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Koofi Remains Hopeful on Resuming Talks in Doha

A peace negotiator in Doha, Fawzia Koofi, said on Sunday that they remain hopeful that the disputed points on procedural rules of the talks are removed within the next few days to resume the meetings between delegates from both sides of the negotiations.

The peace negotiations were inaugurated in September with the hope to end the four decades of war in the country. Negotiating teams representing the Islamic Republic of Afghanistan and the Taliban held more than 10 meetings in small set up called contact groups to discuss procedural rules for the talks. The two sides have agreed on almost all articles of the ground rules for negotiations except two: religious basis for the talks and the connection of the US-Taliban deal with the talks in Doha.

Sources familiar with the process said the host of the talks, Qatar, and other countries supporting the Afghan peace process have expedited their efforts to remove the hurdles in the way of the direct negotiations between both sides.

“The draft is exchanged between the two sides. Some words are added. Some words are changed. We hope to solve this issue within the next few days,” Koofi said.

Sources said that Qatar’s special envoy for Afghanistan, Mutlaq al Qahtani, has held talks with negotiating teams of both sides in the last few days and has exchanged their views with both teams.

Meanwhile, a Qatari lawmaker Hind al-Muftah al-Tamim said the peace negotiations are going in the right direction.

But according to critics, the Taliban so far has not shown flexibility in their stance about the US-Taliban deal as a basis for the negotiations.

“Recommendations are made by our side and by their side. The prolongation of the process is due to the fact that we are discussing the recommendations they make, and they discuss recommendations we make so that we can reach an agreement. We hope to achieve a result,” said Mohammad Naeem, spokesman for the Taliban’s political office in Doha.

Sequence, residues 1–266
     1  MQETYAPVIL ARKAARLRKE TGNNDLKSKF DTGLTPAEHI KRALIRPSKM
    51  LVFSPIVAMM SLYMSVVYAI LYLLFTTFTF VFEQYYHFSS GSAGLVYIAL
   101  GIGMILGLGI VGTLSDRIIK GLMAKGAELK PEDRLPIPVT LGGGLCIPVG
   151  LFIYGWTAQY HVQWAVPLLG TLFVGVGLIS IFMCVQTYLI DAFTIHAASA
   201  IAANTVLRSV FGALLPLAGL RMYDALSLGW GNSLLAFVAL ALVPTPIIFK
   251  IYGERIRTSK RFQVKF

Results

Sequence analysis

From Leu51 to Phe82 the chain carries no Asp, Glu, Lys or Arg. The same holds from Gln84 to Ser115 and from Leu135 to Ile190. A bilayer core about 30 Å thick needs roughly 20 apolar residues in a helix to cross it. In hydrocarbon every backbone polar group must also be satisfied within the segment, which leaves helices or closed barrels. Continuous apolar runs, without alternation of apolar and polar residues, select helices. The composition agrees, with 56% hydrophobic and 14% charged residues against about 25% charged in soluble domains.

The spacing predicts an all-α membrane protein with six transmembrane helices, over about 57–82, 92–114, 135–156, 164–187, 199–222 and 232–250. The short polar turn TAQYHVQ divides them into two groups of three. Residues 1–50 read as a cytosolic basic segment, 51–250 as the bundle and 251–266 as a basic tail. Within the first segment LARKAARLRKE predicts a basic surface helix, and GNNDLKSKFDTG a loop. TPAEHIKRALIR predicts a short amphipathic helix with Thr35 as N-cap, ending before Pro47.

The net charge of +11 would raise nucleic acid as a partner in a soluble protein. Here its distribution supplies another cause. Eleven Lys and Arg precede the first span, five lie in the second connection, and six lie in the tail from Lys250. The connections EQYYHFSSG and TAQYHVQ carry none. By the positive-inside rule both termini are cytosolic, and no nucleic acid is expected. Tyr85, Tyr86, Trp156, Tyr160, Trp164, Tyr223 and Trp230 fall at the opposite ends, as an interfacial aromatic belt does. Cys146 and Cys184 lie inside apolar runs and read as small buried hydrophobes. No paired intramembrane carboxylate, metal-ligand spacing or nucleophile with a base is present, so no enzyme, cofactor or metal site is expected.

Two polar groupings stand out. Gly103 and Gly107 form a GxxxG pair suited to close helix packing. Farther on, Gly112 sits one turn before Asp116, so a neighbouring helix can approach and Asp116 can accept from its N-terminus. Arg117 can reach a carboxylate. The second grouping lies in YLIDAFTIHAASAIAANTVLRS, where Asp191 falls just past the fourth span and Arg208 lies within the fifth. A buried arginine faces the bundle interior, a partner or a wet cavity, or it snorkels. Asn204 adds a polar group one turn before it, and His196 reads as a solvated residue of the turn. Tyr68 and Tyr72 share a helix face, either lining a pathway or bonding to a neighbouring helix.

Koofi Remains Hopeful on Resuming Talks in Doha

The meetings between peace negotiators from both sides have not been held over the past few weeks. 

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A peace negotiator in Doha, Fawzia Koofi, said on Sunday that they remain hopeful that the disputed points on procedural rules of the talks are removed within the next few days to resume the meetings between delegates from both sides of the negotiations.

The peace negotiations were inaugurated in September with the hope to end the four decades of war in the country. Negotiating teams representing the Islamic Republic of Afghanistan and the Taliban held more than 10 meetings in small set up called contact groups to discuss procedural rules for the talks. The two sides have agreed on almost all articles of the ground rules for negotiations except two: religious basis for the talks and the connection of the US-Taliban deal with the talks in Doha.

Sources familiar with the process said the host of the talks, Qatar, and other countries supporting the Afghan peace process have expedited their efforts to remove the hurdles in the way of the direct negotiations between both sides.

“The draft is exchanged between the two sides. Some words are added. Some words are changed. We hope to solve this issue within the next few days,” Koofi said.

Sources said that Qatar’s special envoy for Afghanistan, Mutlaq al Qahtani, has held talks with negotiating teams of both sides in the last few days and has exchanged their views with both teams.

Meanwhile, a Qatari lawmaker Hind al-Muftah al-Tamim said the peace negotiations are going in the right direction.

But according to critics, the Taliban so far has not shown flexibility in their stance about the US-Taliban deal as a basis for the negotiations.

“Recommendations are made by our side and by their side. The prolongation of the process is due to the fact that we are discussing the recommendations they make, and they discuss recommendations we make so that we can reach an agreement. We hope to achieve a result,” said Mohammad Naeem, spokesman for the Taliban’s political office in Doha.

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